The pound rose in early afternoon trade on Tuesday, even as UK prime minister Boris Johnson said a no-deal Brexit was still the “most likely” outcome from trade negotiations.
Sterling fell slightly on Tuesday morning in London but began to rally against the euro and dollar shortly after lunchtime.
The pound took a big leg higher late in the session after Nicholas Watt, BBC Newsnight’s political editor, tweeted: “Big buzz in the last hour among Tory MPs that the UK is heading towards a Brexit deal with the EU. Eurosceptics being reassured they will be happy.”
The rise came even as Johnson warned trade talks between the EU and UK could yet come to nought. The prime minister told his cabinet “ending the transition period on Australian-style terms remained the most likely outcome,” his official spokesperson told journalists.
Press reports in the last 24 hours have suggested progress in talks. The Guardian reported that UK concessions had paved the way for a deal as earlier as this week.
On Monday, Michel Barnier, the EU’s chief Brexit negotiator, reportedly told European leaders there was a narrow path to a deal. On Twitter, Barnier said the next few days of talks would be “important.”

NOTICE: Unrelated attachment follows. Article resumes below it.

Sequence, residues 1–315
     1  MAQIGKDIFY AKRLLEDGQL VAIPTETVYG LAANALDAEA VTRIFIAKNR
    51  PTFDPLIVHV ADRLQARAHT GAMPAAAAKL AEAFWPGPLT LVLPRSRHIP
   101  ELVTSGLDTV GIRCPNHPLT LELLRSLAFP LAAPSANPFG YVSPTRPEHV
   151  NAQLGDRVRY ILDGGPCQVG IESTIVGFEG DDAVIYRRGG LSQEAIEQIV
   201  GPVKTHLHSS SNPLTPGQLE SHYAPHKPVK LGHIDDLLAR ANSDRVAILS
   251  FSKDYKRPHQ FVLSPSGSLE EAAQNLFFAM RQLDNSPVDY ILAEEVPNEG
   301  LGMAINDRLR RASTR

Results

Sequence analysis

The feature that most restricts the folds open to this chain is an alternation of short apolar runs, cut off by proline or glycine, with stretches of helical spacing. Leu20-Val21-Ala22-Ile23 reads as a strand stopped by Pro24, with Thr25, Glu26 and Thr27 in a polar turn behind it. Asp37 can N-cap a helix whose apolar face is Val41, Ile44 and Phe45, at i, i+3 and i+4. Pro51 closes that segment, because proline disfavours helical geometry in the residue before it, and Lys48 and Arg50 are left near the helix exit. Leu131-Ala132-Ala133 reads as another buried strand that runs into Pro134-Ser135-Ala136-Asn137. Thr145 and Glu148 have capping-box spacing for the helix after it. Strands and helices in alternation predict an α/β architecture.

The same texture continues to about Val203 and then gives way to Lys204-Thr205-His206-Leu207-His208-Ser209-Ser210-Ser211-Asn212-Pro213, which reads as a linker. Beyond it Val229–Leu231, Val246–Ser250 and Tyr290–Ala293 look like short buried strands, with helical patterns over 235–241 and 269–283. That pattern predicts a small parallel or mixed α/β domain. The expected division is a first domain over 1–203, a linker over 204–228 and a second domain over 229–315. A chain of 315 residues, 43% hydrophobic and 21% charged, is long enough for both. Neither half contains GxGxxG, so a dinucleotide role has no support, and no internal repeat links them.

Irish premier Michael Martin told journalists on Tuesday afternoon he had “greater hope than I had last week” that a deal could be done.
The path of negotiations in the next few days will be hugely consequential for the pound.
“Our analysts think it could go even higher if there were a deal,” Deutsche Bank strategists said on Tuesday morning. “We continue to see a move to around 1.36 in Cable upon completion of a deal, up from the $1.3343 it’s currently trading at.”
Samuel Tombs, chief UK economist at Pantheon Macroeconomics, on Sunday said sterling could fall to $1.25 if talks end in no deal.
Brexit has been the main drivers of sterling’s price ever since the 2016 referendum.
Traders shrugged at news on Tuesday morning that UK redundancies had hit a record high. The data was in fact slightly better than forecasts.
On Monday, the government had announced London would also be placed in Tier 3 restrictions, which are likely to curb economic activity further. That too failed to do much to sterling.
“The discussions are ongoing,” Stephen Barclay, chief secretary to the Treasury, told on Sky News on Tuesday morning. “The fundamentals remain the same. It is in both sides’ interest to have a deal. That is what the prime minister has committed to.
“The prime minister is battling for Britain and whether there is a deal is not simply down to the actions of the prime minister, it needs the EU to move to respond to the precedent that they have given other countries.”
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